Tag Archives: Hilliard’s Beer

The universe is big, even in small spaces

The universe is pretty vast even in confined spaces. That was the lesson given on opposite ends of the size scale at the most recent Astronomy on Tap Seattle event hosted at Hilliard’s Beer Taproom by University of Washington graduate students in astronomy.

Ethan Kruse

UW astronomy graduate student Ethan Kruse said the universe is a big place, and it will take some technological advances to reach Alpha Centauri in 20 years. Photo: Greg Scheiderer.

Grad student Ethan Kruse was all set to give a talk that concluded we would never even get out of our solar system because it is way too big. Then a few weeks before the talk Stephen Hawking and friends announced their plan for getting all the way to neighboring star Alpha Centauri in 20 years through a project called Breakthrough Starshot.

“If I’m disagreeing with Stephen Hawking,” Kruse recalled thinking, “I should probably stop for a minute and reevaluate my thesis.”

Kruse remained on point about the mind-boggling scale of the universe. He said that if our Sun was the size of a basketball sitting on the stage of Hilliard’s, Earth would be the size of a sesame seed in the back of the room, 84 feet away, and the orbiting Moon would be the size of a grain of salt. At this scale Jupiter would be a golf ball on the Ballard Bridge and Pluto would be a grain of salt about a kilometer away—about the distance to Bad Jimmy’s Brewing Company, which served as the venue for Astronomy on Tap Seattle for its first year. Alpha Centauri, in this set-up, is some 4,400 miles away—in London or Tokyo.

Kruse pointed out that the fastest spacecraft we have built so far, New Horizons, took a decade to get to Pluto.

“We went from Hilliard’s to Bad Jimmy’s in ten years,” he observed. “Don’t worry guys, we’re going to go to London in 20 years!”

The idea behind Starshot is that a super-light craft with a light sail could be accelerated by lasers to up to 20 percent of the speed of light. Kruse outlined a litany of technological challenges with the concept, including the ability to generate sufficient laser power, creating an adequately reflective material for the sails, being able to accurately aim the lasers at great distances, and shielding the craft from possible collisions with space debris. Still, he concluded, the idea is worth exploring, especially since the same technology could be used to explore the solar system more quickly.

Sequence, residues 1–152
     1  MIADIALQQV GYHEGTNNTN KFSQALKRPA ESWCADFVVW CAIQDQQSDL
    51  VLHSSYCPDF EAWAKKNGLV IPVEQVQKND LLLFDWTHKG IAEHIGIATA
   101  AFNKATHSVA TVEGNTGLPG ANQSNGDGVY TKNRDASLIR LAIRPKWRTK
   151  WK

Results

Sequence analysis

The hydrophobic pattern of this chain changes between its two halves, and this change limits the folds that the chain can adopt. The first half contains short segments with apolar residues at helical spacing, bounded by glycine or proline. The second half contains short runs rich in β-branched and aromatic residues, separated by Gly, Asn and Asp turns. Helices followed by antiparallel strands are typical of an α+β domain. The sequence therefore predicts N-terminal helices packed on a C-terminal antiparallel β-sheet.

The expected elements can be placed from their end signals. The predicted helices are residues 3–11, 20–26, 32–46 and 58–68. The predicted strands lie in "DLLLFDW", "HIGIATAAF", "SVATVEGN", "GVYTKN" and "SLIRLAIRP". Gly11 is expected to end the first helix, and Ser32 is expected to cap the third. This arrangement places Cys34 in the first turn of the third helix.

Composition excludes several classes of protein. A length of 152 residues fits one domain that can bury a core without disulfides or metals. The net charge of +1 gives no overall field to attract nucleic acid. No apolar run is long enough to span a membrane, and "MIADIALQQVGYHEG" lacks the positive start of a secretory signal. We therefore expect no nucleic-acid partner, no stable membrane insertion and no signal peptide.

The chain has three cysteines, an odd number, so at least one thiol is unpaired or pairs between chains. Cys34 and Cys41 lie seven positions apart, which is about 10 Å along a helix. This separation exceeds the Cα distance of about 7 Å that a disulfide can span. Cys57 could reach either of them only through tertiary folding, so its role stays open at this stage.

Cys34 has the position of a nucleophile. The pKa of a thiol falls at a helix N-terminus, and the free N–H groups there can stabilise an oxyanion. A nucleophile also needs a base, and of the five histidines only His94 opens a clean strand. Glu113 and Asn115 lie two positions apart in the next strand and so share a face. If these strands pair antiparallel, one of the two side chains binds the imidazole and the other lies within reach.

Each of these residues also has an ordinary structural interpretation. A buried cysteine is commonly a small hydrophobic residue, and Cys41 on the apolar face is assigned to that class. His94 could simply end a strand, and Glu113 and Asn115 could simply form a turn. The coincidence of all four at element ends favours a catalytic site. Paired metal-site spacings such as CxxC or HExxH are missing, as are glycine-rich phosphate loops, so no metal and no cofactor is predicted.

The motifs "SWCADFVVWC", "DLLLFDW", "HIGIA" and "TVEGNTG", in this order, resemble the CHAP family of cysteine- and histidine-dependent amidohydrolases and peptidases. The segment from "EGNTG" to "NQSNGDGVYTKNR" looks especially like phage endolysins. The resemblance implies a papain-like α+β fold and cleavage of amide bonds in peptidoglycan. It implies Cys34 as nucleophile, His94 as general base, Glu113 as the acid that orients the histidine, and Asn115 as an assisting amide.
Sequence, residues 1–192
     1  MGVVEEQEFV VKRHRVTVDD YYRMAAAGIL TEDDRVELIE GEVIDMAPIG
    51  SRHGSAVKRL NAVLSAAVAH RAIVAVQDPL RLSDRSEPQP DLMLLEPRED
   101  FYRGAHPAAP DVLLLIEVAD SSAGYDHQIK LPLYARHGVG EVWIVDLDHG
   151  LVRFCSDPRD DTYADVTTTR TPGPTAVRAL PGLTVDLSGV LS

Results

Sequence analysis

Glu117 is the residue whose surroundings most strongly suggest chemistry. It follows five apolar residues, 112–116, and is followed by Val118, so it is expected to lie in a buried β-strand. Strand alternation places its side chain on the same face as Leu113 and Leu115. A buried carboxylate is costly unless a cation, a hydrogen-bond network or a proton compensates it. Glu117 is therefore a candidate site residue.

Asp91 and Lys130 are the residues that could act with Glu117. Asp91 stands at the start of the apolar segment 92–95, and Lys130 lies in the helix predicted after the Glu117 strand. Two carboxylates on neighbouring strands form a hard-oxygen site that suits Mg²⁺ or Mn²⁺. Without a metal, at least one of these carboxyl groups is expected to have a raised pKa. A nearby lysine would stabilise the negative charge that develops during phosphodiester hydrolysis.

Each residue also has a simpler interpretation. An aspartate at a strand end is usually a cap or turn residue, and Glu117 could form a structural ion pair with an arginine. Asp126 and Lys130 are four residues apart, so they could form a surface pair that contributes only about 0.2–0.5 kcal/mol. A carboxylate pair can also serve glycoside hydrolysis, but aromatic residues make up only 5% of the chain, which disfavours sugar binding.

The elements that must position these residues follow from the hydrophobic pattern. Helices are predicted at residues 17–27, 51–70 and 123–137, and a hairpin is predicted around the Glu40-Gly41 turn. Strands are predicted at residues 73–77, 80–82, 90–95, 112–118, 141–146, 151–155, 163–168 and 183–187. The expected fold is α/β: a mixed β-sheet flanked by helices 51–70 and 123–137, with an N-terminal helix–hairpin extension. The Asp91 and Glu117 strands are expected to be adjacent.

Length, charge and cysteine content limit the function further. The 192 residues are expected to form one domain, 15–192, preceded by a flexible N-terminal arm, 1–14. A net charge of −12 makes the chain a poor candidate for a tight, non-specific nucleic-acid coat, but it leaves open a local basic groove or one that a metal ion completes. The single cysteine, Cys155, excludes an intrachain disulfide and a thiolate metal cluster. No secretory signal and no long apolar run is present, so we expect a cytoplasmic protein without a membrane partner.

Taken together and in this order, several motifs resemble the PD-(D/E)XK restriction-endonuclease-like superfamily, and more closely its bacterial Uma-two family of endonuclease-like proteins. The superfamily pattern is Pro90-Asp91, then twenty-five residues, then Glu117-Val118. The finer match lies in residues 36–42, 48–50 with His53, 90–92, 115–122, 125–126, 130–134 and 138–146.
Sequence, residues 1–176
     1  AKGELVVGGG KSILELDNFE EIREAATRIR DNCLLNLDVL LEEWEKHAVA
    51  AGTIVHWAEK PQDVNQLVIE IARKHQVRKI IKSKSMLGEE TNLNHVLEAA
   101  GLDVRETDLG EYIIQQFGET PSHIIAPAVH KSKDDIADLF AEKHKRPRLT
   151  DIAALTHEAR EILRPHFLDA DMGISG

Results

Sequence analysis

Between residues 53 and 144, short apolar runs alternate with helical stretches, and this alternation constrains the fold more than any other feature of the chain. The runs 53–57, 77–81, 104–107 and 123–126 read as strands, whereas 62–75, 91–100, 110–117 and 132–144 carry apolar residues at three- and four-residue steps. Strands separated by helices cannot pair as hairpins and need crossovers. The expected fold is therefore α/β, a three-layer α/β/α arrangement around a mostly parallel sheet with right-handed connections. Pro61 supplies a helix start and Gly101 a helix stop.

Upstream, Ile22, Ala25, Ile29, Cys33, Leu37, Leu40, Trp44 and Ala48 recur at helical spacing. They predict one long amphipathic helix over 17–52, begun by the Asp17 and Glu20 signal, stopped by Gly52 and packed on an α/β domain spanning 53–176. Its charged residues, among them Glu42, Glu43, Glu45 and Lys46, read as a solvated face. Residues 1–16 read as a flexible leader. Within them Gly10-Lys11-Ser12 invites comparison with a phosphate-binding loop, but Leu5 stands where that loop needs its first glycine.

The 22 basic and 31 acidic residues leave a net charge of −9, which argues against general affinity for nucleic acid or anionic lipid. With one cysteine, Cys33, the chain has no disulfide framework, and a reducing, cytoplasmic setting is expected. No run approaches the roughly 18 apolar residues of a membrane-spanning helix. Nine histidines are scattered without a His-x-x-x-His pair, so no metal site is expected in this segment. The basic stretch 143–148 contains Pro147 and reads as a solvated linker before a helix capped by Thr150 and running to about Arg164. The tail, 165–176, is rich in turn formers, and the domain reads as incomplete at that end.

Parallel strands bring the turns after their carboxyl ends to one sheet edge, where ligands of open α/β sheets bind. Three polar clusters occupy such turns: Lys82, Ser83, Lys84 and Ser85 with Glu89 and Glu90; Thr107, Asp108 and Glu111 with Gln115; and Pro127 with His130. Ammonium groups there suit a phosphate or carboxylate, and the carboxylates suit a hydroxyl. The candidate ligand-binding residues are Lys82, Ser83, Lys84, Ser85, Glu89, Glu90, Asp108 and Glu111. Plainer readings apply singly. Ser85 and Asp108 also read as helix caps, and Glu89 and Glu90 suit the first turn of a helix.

“This is honestly the most realistic thing that anyone has proposed so far for getting to any other star system,” Kruse said.

It will, however, take a great deal of research and development.

“Don’t necessarily count on this before you die,” Kruse concluded. “Space is big.”

Jessica Werk

UW astronomy Prof. Jessica Werk says your atoms took quite a journey to become you. Photo: Greg Scheiderer.

Professor Jessica Werk, one of the newest hires onto the astronomy faculty at the University of Washington, also used sports equipment to illustrate her talk, “The History of You: The Rather Tumultuous Past of the Atoms in Your Body.” Werk pointed out that atoms are mostly empty space. If the nucleus of an atom were the size of a baseball, the nearest electrons would be a football field away.

After the Big Bang the universe was mostly light atoms: hydrogen and helium and a few others. Where did the carbon and calcium and other heavier stuff we’re made of come from?

“All evidence suggests that these atoms were fused in the cores of very, very massive stars twelve-and-a-half billion years ago,” Werk said. “Since then they have been on an absolutely crazy, long, sometimes violent journey to end up in your body 93 million miles from the Sun on this speck named Earth.”

Those atoms took a somewhat circuitous route to get here.

“Sixty percent of the atoms in your body we at one point outside of the galaxy in the circumgalactic or intergalactic medium,” Werk said. We don’t really know how they got here, but the best theory is that the atoms tend to cool off, and the gas rains back down on the galaxy, collapsing in star formation or becoming part of the debris disk out of which planets form.

There’s some mind-bending scale at the atomic level, too. Werk pointed out that there are 1023 atoms in a breath of air.

“Each breath-full of air contains more atoms than the number of breath-fulls of air in the entire Earth’s atmosphere,” she said. “What that means is that it is very likely that the last breath of air you just took contained at least one oxygen atom from the first breath of air that you ever took as a human being on planet Earth.”